EDITOR’S NOTE: This post is intended as a follow up to Glyn Bowerman’s commentary from yesterday on the high fares planned for the Union-Pearson Express.
Two weeks ago, I visited Philadelphia, the last stop on a three-city trip that also included Charleston and Savannah. After two-and-a-half days of sightseeing (mostly by foot or by bike, though I indulged in a ride on Philadelphia’s refurbished PCC streetcars), I walked with by bags from my Center City (Philly-speak for downtown) hotel to Market East rail station and bought a $6.50 ticket to ride on one of America’s best downtown-to-airport rail links. After boarding the train, I was at the TSA security check in just over 30 minutes.
Philadelphia’s Airport Line, operated by the Southeastern Pennsylvania Transportation Authority (SEPTA), is one of operating 20 airport rail links in the United States, but the only one utilizing regular regional/commuter rail trains connected to the airport terminals. This is also the model of service that Denver, Colorado is planning for its East Rail Line, an electric regional rail line due to open in 2016. (Providence, Rhode Island, Burbank, California, and South Bend, Indiana have commuter/regional rail links to their airports, but services there are much less frequent than SEPTA’s.)
I wrote about SEPTA after my first visit to Philadelphia five years ago. Philly’s transit agency operates buses, trolley buses, streetcars, suburban light rail, subways, and regional rail throughout Philadelphia and its suburbs. It even has a transit gift shop. All that said, SEPTA is underfunded, and neglects much of its older infrastructure, including several streetcar lines left idle for decades. It hasn’t built any major new transit infrastructure since 1985. But there are still a few things Toronto can learn from the City of Brotherly Love.
Like all of SEPTA’s regional rail lines, the Airport Line uses electric multiple unit trainsets. Trains operate every 30 minutes, 7 days a week, from early mornings until about midnight. Airport Line trains originate at Temple University, in Philadelphia’s near north end and serve three central stations — Market East, Suburban Station and 30th Street Station — via the Center City Commuter Connection, a four-track rail tunnel completed in 1984. 30th Street Station is the main Amtrak station serving Philadelphia. From 30th Street, the line continues south, stopping at University City (serving University of Pennsylvania, Drexel University and a large medical campus) and at Eastwick, a neighbourhood near the airport. All stations on the Airport Line (unlike most regional rail stations) feature high platforms, a useful feature when lugging bags or pushing strollers. There are four stops at the airport, making it a very short walk from the train platform, up the escalator or elevator to the right check-in counters and security inspection stations. From Suburban Station (which despite its name, serves Philly’s financial district), it takes 19 to 24 minutes to arrive at the airport, on a 16-kilometre (10 mile) long route. In comparison, the Union Pearson rail link will be 23 kilometres (14.5 miles) in length.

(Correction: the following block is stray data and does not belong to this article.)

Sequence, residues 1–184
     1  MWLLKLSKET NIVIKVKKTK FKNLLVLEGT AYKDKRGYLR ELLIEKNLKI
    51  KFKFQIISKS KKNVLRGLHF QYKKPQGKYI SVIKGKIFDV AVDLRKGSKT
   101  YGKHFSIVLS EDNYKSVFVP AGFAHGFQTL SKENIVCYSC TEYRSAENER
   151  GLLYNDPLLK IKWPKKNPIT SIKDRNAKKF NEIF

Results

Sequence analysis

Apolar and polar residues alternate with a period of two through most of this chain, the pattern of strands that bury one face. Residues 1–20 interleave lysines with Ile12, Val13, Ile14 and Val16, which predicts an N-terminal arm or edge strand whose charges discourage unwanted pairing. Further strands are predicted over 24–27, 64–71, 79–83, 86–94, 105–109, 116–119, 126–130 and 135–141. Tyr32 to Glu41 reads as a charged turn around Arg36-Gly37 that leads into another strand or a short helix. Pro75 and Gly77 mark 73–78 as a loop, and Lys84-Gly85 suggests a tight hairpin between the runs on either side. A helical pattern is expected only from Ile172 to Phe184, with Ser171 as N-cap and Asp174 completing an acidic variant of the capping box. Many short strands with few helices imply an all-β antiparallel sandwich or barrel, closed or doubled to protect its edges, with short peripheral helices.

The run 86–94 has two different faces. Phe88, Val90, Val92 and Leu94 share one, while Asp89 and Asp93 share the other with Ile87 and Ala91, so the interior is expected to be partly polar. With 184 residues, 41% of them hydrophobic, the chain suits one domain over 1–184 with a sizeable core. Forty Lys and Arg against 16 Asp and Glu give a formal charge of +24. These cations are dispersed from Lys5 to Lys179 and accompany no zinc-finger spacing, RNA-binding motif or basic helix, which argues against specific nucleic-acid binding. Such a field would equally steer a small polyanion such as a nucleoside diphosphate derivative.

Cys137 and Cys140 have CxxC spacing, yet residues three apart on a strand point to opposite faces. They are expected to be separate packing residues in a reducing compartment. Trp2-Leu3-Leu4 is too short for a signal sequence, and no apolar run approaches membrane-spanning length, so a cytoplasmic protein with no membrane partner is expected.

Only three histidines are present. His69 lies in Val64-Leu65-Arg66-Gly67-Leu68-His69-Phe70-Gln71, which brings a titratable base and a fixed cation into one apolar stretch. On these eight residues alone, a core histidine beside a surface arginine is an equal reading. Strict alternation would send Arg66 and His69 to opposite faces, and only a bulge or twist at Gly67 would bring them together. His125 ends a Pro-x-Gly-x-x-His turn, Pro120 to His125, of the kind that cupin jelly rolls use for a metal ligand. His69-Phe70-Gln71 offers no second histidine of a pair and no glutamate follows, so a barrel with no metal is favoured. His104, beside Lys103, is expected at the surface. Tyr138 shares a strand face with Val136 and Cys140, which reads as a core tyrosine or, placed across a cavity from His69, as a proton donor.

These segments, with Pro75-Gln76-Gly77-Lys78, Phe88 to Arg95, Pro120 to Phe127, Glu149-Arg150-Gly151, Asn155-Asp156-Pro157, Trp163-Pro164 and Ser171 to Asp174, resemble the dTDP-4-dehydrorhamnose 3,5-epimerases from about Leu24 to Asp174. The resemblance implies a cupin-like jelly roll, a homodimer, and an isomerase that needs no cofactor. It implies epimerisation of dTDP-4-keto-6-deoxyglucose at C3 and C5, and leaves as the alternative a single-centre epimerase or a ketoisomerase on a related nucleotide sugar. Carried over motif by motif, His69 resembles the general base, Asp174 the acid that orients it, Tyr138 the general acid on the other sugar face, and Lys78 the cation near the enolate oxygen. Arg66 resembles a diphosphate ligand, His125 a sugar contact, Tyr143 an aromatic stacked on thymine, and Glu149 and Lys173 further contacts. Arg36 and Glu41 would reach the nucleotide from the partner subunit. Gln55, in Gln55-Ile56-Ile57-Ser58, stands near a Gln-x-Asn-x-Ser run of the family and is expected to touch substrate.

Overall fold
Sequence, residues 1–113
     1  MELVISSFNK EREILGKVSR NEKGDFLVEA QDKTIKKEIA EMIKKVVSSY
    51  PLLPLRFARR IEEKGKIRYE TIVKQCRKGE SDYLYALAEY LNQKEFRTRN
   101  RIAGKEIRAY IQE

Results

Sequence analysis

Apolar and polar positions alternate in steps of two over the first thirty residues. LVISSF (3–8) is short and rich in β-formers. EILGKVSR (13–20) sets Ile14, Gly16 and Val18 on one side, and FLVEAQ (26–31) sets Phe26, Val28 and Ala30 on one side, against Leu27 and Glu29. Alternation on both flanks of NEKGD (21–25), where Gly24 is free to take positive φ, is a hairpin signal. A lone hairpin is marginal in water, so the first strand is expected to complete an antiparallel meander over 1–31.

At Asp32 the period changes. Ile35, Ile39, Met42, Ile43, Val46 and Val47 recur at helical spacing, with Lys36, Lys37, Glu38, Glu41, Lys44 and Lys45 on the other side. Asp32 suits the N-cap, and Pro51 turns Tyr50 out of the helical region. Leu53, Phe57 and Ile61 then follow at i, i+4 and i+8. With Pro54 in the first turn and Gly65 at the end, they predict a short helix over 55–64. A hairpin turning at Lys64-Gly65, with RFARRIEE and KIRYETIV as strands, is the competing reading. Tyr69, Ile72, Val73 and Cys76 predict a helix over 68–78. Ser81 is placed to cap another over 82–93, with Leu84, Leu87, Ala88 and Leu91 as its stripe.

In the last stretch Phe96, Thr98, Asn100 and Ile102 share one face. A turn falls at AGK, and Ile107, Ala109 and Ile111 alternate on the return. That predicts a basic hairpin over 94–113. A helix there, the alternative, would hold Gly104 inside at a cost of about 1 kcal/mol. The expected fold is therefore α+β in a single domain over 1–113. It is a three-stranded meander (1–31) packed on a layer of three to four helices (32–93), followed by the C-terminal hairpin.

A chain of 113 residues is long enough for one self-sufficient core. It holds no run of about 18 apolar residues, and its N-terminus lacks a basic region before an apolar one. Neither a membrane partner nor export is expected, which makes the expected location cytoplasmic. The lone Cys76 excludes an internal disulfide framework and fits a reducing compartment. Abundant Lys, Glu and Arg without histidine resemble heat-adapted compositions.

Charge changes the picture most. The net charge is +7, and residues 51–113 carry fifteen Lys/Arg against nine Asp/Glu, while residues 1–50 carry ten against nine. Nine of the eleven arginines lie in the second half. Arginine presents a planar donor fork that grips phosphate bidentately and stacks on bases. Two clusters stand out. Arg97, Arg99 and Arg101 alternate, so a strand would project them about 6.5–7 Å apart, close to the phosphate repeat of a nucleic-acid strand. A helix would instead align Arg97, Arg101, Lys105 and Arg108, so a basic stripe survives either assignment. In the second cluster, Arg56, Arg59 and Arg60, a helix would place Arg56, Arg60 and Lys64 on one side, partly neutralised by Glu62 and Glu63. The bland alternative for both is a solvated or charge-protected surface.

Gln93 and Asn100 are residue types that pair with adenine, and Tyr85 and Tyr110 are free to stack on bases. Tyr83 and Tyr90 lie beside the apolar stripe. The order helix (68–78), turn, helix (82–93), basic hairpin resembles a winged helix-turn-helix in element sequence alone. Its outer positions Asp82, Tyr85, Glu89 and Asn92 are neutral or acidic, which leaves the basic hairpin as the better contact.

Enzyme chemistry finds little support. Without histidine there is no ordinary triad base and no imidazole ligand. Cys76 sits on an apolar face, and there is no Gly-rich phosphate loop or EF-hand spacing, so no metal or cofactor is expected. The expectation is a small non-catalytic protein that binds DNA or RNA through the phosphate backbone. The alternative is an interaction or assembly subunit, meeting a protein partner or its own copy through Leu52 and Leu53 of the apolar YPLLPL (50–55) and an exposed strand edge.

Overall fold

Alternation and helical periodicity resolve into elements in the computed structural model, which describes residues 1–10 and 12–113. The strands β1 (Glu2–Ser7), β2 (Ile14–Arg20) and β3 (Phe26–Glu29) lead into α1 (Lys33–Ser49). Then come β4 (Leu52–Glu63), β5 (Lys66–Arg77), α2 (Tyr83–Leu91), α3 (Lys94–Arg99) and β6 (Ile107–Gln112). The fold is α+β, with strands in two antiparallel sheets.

Philadelphia’s rail link is also affordable for airport workers, a market the Union Pearson Express ignores. Weekly and monthly SEPTA passes (an adult weekly pass is $24; a monthly pass is $91) are permitted for travel on the Airport Line (unlike other SEPTA regional rail lines, which require additional fares or more expensive passes) between Center City and the Airport.
SEPTA regional rail trail in Market East Station
So why didn’t Toronto choose to go with the Philadelphia model for building an airport rail link?
With the exception of transit across the Delaware River to Camden, New Jersey and its suburbs, SEPTA is the sole provider of transit services in the Philadelphia metropolitan area, including regional rail services. Fare integration between different nodes was easier to implement. SEPTA already owned and operated an extensive electrified rail system, the legacy of the old Pennsylvania and Reading Railroad networks, while GO Transit/Metrolinx had to build a commuter rail system from scratch starting in 1967, using longer, diesel-powered trainsets. Unlike SEPTA, GO offers off-peak regional rail services only on two corridors (Lakeshore East and West). In Toronto, transit is provided by the local municipalities and by GO Transit, and there is little, if any, coordination between them. There is a lack fare integration between GO Transit, the TTC, and suburban transit agencies.
But the biggest problem is that the Union-Pearson Express, first conceived by Federal Minister of Transportation David Collenette in 2001 as “Blue 22”, was always planned as a public-private partnership that was geared towards business travellers, not the general public. Metrolinx, the provincial agency now responsible for the Union-Pearson Express, has chosen to implement the Blue 22 model, even though its own mandate is “to improve the coordination and integration of all modes of transportation in the Greater Toronto and Hamilton Area.” The Union-Pearson Express’ premium service model seems be counter to that basic mandate. Denver is building a new electric airport rail link from scratch (as part of a very ambitious FasTracks program), but has chosen to operate it as part of its transit system, like Philadelphia. It’s too bad Toronto isn’t doing the same.
Photos: Sean Marshall